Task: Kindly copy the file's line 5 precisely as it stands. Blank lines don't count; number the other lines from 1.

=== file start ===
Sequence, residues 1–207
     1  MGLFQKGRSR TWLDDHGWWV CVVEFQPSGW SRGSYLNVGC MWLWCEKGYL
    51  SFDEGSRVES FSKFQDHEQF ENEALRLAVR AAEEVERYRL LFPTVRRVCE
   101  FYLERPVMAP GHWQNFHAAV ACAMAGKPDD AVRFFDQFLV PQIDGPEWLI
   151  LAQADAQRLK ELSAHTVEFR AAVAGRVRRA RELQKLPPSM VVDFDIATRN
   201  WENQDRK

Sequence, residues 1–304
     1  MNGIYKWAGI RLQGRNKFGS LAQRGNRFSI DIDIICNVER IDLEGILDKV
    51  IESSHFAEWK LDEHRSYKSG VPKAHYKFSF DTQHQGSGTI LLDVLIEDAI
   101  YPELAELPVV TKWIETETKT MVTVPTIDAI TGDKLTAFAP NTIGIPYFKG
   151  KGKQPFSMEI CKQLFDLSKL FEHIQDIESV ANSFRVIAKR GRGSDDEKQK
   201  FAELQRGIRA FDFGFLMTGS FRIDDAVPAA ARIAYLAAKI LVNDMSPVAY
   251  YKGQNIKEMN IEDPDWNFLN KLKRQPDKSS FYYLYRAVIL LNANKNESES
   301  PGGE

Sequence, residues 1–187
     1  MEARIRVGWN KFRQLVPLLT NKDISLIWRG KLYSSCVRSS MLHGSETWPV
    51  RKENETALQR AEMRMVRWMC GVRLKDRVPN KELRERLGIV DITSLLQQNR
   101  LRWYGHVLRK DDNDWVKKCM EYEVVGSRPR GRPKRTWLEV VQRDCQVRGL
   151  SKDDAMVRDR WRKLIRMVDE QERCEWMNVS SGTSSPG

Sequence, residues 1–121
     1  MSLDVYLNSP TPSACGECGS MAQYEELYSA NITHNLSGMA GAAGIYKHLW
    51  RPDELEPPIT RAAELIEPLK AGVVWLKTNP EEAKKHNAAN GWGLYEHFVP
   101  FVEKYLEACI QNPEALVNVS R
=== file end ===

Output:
   151  LAQADAQRLK ELSAHTVEFR AAVAGRVRRA RELQKLPPSM VVDFDIATRN